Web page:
Millennials are fleeing big cities for the suburbs


Breaking news: Millennials are getting older. And as they enter the next stage of life — marriage, kids, higher salaries —Gen Y is beginning its exodus from busy cities, just like the generations that came before it.

Data released by the U.S. Census Bureau earlier this week show that some 27,000 millennials between the ages of 25 and 39 left big cities like New York, San Francisco and Houston in 2018 for greener, and less expensive, pastures, the Wall Street Journal reports. Chicago, Las Vegas, Washington, D.C. and Portland, Oregon, are also seeing large numbers of residents leave.

That marks the fourth year in a row that there has a noticeable decline in the millennial populations in major cities.

And where are they moving? To combat the ever-increasing housing costs and lack of access to family-friendly amenities, to nearby suburbs, mostly, Axios reports. But the Journal notes other, more affordable, metropolitan areas are also gaining millennials, including cities like Austin, Columbus, Ohio, Los Angeles, San Diego and Seattle.

A 2018 report from SmartAsset revealed similar results. Using 2016 Census migration data, SmartAsset compared the number of people aged 20 to 34 who moved to over 200 U.S. cities to the number who moved away from them. It found that the most popular cities for millennials to move to include Seattle, Denver and Minneapolis — not New York or San Francisco.

Notably, workers early in their career who are younger than millennials are still moving to big cities to find career opportunities.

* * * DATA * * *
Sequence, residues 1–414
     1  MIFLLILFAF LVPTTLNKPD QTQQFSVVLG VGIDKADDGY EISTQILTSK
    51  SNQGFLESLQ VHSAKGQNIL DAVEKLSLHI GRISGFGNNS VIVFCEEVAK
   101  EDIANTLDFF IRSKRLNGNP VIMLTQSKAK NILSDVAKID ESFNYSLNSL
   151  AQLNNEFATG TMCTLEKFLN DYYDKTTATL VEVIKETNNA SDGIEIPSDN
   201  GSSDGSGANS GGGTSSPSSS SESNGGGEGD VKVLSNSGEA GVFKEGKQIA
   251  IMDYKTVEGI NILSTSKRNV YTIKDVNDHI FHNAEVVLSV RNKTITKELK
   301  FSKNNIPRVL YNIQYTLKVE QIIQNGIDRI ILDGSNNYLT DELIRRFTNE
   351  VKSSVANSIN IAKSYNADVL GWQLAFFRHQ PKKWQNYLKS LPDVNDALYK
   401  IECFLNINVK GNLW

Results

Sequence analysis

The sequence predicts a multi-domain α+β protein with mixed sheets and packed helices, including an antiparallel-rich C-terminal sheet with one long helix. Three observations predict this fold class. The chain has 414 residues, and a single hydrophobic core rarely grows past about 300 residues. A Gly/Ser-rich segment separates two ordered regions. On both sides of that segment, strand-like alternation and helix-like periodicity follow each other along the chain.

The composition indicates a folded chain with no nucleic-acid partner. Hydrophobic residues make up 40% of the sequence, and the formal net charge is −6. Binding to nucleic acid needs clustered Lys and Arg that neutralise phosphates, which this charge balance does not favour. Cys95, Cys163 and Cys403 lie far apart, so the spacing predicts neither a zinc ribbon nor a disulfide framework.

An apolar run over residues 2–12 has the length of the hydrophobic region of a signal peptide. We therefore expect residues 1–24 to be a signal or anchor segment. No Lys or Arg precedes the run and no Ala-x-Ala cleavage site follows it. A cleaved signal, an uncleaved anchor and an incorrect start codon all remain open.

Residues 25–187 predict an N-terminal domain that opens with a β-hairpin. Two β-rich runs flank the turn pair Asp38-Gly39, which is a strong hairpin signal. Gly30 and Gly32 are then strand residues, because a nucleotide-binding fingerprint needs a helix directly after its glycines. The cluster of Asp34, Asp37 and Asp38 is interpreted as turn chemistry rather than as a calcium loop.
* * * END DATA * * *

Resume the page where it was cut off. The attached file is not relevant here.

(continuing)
A 2018 survey of 1,200 adults aged 20-36 from Ernst & Young also revealed that more millennials are buying homes in the suburbs than in cities. Much of that is likely to do with the price: A 2018 report from Zillow found that home buyers will pay 26.5% of their income each month for a median-value home in a city, compared to 20.2% for a similar home in the suburbs.

"It was a surprise to me to see this generation increasingly choosing suburban locations to buy homes," Cathy Koch, EY's Americas tax policy leader, told CNBC Make It. But "the 'suburbs' may very well be smaller cities close to larger urban areas — these still afford the richness of city living (including employment opportunities) at maybe lower home prices."

As more millennials buy houses, that trend will likely continue.

Don't miss: Almost 70% of millennials regret buying their homes. Here's why

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